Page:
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King Offa built a dyke to keep the Welsh out of England sometime in the 780s AD. It stretched from the River Dee near Chester to the Bristol Channel near Chepstow. It can be seen over most of that distance today. The Wansdyke stretches roughly from Marlborough to the Bristol Channel. It can be seen over most of that distance.
In places it is stupendous. In places it is over 25 feet high. Few people have heard of it today. There are hundreds of dykes like that across England and into the Scottish and Welsh borders. Where they have been dated, they appear to come from the period roughly from 400 AD to 800 AD.
The talk will discuss observations from a nationwide survey conducted between 2009 and 2014. Some dykes show evidence of having been designed and laid out by Roman, or Roman-trained, engineers. Some show astonishingly precise alignment and advanced military features, such as being sited on reverse slopes.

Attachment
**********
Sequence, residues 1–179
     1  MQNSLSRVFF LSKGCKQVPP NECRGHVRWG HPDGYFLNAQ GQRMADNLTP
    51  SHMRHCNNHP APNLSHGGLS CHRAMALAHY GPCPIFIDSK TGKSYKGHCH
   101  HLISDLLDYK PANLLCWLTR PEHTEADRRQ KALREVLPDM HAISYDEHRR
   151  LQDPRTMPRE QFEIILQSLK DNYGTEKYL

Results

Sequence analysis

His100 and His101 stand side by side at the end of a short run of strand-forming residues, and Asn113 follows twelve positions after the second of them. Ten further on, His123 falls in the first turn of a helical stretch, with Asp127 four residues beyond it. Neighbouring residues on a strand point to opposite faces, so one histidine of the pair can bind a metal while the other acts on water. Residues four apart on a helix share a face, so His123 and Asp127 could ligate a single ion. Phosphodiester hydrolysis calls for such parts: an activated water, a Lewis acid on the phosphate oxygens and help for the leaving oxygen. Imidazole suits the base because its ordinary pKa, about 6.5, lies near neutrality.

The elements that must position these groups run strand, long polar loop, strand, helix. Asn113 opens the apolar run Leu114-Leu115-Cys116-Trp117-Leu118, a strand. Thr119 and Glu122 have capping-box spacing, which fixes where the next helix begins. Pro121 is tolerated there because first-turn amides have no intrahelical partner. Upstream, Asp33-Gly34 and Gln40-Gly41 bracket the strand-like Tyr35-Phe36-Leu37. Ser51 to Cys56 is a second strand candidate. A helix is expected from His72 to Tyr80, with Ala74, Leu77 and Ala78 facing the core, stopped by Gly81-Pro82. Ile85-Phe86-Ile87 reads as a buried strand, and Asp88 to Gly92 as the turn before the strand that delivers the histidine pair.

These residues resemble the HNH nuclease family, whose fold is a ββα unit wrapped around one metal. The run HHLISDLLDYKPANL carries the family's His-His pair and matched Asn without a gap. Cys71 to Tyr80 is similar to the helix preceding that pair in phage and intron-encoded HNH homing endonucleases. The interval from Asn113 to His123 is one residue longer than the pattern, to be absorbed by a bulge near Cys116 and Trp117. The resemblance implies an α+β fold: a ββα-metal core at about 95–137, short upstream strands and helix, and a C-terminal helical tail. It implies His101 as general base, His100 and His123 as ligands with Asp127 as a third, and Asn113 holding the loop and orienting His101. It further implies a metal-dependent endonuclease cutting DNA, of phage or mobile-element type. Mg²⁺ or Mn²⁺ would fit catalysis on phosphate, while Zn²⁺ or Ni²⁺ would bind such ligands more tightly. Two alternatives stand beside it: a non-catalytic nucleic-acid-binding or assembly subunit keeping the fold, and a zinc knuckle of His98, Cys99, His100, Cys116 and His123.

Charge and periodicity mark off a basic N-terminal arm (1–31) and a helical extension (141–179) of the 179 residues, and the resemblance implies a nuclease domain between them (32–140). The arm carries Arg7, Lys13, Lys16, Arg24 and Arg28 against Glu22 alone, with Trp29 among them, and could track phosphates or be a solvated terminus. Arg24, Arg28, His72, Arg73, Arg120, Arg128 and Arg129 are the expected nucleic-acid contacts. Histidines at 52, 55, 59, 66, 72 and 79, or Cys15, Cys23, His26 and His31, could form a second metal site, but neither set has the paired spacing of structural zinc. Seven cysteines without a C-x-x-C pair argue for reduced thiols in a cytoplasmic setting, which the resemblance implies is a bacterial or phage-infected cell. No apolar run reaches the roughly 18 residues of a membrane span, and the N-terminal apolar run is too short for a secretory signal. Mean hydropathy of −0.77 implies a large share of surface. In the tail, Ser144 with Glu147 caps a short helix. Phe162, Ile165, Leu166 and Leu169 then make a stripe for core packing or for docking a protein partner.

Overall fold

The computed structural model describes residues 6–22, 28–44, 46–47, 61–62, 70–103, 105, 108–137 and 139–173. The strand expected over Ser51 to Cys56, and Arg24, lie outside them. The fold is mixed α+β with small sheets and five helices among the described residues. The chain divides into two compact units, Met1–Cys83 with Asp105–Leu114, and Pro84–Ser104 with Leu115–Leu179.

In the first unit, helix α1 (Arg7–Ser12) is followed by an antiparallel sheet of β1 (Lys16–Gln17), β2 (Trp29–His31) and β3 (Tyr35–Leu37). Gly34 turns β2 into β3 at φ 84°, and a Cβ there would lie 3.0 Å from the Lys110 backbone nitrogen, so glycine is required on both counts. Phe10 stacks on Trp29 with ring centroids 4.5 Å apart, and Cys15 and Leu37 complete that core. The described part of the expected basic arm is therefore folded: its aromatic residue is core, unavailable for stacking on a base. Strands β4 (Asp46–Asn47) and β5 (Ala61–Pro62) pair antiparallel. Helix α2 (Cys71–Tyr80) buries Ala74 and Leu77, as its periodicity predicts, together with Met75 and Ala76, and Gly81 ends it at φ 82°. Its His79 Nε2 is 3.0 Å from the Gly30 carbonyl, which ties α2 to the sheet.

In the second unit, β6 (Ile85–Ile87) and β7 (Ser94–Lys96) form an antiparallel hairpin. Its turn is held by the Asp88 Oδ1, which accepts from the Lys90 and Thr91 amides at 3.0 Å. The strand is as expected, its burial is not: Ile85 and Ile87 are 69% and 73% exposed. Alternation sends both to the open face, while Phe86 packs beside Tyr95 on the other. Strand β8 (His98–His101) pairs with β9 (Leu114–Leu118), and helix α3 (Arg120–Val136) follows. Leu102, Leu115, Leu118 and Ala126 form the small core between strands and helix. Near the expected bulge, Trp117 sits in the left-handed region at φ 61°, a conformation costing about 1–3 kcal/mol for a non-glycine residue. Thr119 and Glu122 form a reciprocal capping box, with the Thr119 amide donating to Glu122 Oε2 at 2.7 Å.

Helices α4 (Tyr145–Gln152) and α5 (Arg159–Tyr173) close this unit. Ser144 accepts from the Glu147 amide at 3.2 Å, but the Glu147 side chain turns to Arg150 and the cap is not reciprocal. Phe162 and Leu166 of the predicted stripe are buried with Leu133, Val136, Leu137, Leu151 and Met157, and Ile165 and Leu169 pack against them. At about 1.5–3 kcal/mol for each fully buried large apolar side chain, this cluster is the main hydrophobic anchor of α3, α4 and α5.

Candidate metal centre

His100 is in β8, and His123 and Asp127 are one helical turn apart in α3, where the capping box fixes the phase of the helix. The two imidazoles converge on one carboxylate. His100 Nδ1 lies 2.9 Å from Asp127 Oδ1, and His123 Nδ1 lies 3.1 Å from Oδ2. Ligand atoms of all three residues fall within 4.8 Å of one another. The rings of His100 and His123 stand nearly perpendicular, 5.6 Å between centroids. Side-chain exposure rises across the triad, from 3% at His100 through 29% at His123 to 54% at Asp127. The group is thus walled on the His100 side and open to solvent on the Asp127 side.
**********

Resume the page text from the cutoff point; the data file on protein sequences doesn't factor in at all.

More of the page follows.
There is also some evidence of progression over time, and particularly a degradation of skill in alignment and construction. The talk will also consider their purpose; construction and construction management techniques; and effectiveness as fortifications.
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Professor Jim Storr graduated in Civil Engineering from Imperial College in 1981. He served as a infantry officer in the Regular Army for 25 years. He now has a portfolio career, mostly in the defence sector, which focuses on human behaviour under conditions of stress and complexity.